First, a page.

These two camps are very big now but heavily segregated. I feel that they do not talk to each other in a very productive way, as they often debate using distinct language systems. I believe it is much needed in contemporary society to have effective communication between these camps, and people should know the underlying logic and assumptions of these two camps before they develop beliefs and actions about AI. It should be so, especially for current and future leaders in the private and public sectors. They really need to gain a deep understanding of the potential, promise and perils of AI. They also need to have a sober view of AI hopes and hypes claimed by the two camps.

I hope this course can plant seeds in the deep heart of these students; so, when they develop professional careers as business leaders and social planners, they know what AI is and, more importantly, they take the responsibility to manage AI for a better future for humanity. At the end of the day, we should be able to create strong AI but also create our own humanity and achieve shared prosperity with AI. This is the overarching idea of the course.

What makes this course unique and different?

Let me talk about similar courses and the difference my course makes in AI management education.

I have attended the biggest IT Teaching Workshop in my field (Information Systems) almost every year for the last five years. In the Workshop, teachers from most universities in the United States and Europe present their courses about big data and data analytics, yet I have not seen many specialist courses on AI.

Of course, in the Computer Science community, there are many popular courses about machine learning and data science, but they rarely say that these are AI courses. It is important to note that the concept of AI is not just technical but socio-technical. We need to study and teach the nature and implications of AI by examining its technical properties and also its social contexts. As far as I know, few courses have struck such a balance.

One reason, that most courses focus on the technicality of AI, is obvious. STEM jobs are much better paid than a lot of others. Preparing students for such jobs would help increase the popularity of universities, which further encourages the offering of technical AI or data science courses.

Leading the social science approach in higher education, LSE has its strength in cultivating leaders who can think and navigate social changes, especially the current transformational change led by AI. As such, we offer this new LSE course to situate the debate on AI in the academic and public discourse and approach AI education in a more comprehensive and critical way. We start with the history of AI, we discuss the role of data in making AI, and we unpack the black box of algorithms and issues involved (e.g., opacity, bias, interpretability).

Then we walk students through the socio-technical analysis of AI management at different levels: On the individual level, we assess the role of humans in the loop and when and how human judgment needs to be exercised in designing and using AI. On the organizational level, we analyse the business model, operations, and innovations with and governance of AI. On the societal level, we discuss the ethical concerns and regulatory efforts on managing AI for good. As you can tell, with this approach to AI, students start to think about and raise their own critical questions about AI management in the digital economy.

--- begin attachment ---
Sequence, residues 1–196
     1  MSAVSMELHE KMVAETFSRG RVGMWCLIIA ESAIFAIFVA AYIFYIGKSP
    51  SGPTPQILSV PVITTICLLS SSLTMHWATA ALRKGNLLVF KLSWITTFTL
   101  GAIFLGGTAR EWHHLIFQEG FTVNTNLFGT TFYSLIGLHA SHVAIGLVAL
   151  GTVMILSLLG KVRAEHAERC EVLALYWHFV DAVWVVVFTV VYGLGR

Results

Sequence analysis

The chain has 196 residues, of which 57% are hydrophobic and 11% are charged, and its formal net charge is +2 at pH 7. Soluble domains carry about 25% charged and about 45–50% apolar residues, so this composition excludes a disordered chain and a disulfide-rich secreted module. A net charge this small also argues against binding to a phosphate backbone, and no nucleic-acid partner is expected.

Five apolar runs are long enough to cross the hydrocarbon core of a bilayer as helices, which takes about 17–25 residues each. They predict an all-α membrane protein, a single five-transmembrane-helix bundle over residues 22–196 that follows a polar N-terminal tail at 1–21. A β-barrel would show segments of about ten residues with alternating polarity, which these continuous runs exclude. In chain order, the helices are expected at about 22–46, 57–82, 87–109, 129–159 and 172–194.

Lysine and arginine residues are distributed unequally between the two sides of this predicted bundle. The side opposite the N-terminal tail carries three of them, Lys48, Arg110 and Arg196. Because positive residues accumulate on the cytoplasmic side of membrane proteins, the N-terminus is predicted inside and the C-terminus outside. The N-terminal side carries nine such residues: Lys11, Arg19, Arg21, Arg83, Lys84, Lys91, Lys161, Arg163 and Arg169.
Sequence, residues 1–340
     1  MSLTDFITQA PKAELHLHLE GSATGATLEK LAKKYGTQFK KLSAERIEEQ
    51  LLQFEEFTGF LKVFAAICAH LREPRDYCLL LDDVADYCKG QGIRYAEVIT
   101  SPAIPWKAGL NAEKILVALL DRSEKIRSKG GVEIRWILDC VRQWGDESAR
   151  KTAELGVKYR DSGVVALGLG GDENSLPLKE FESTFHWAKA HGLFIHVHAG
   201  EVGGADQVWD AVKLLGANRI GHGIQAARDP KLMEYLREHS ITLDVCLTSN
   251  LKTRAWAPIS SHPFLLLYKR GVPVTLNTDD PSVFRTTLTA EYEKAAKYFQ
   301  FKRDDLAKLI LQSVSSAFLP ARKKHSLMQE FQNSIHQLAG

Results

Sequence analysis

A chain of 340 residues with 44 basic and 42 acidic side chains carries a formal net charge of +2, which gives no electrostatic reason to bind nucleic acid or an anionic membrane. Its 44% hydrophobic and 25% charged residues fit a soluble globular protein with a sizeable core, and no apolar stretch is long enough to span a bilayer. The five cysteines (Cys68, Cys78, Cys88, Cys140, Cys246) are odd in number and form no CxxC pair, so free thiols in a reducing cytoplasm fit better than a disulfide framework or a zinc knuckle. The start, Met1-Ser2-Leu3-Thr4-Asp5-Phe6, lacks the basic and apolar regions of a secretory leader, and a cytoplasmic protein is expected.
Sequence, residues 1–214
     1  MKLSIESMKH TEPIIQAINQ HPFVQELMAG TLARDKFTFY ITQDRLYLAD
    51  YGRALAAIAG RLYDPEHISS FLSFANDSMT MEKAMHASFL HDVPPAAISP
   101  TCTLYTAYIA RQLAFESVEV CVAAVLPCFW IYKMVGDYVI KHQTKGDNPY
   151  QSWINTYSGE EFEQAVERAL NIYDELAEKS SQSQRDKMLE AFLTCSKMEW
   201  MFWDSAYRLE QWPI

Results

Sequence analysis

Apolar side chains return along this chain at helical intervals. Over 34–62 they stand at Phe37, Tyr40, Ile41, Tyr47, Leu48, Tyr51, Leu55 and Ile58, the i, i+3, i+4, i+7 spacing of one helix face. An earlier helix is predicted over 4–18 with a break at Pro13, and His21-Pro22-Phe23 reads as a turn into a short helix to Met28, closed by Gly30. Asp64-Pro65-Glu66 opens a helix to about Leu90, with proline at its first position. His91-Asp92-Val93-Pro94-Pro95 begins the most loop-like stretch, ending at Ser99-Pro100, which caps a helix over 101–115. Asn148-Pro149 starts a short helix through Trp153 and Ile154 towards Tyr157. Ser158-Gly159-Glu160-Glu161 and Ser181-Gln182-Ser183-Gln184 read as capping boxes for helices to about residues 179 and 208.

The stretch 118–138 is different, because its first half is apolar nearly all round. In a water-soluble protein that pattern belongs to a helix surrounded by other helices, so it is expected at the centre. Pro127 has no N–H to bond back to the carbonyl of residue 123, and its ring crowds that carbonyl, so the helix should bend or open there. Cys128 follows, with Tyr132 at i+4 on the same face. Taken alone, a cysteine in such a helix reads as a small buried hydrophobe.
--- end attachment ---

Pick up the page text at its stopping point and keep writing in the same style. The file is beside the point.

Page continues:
What made you personally think this course was really needed?

I would like to start with my educational background and then my reading and thinking about AI in the past decade to answer this question.

Starting from my college education 15 years ago, I was in the same discipline, management information systems, and initially, my training was technical and particularly computer science oriented. Then my understanding of technology deepened after I moved to my master’s programme and was exposed to a more behavioural perspective on how people interact with technology. Later my PhD training in economic analysis of information technology helps me engage in studying the bigger role of technology in businesses and society.

Now I am a researcher and teacher of information systems and innovation, and LSE really broadens my horizon of the social science approach to technology. During my education journey, AI has been with me for many years, albeit more often in the form of algorithms or machine learning techniques.

AI did not catch a lot of my attention, and I am sure for anyone else, until the booming of the AI field especially when deep learning and generative models were developed and used to create powerful applications, such as deep fakes or ChatGPT. People say nowadays that the era of artificial general intelligence is coming, in contrast to the past decades of artificial narrow intelligence (AI can only serve a small set of pre-specified purposes and automate tasks like ordinary software does).

Over time I realised AI has so much potential to change human life in positive ways. At the same time, people worry about the apocalyptic claim that ‘machines are the end of humanity’ has reached the all-time high. I think it’s time for us to seriously think and study how to manage AI.

Teaching AI management is an opportunity for me as a researcher to explore with students the socio-technical nature and implications of AI and how we can be more responsible in designing and deploying AI. I am happy that my students have been excited about this course and really engaged in and benefitted from this journey.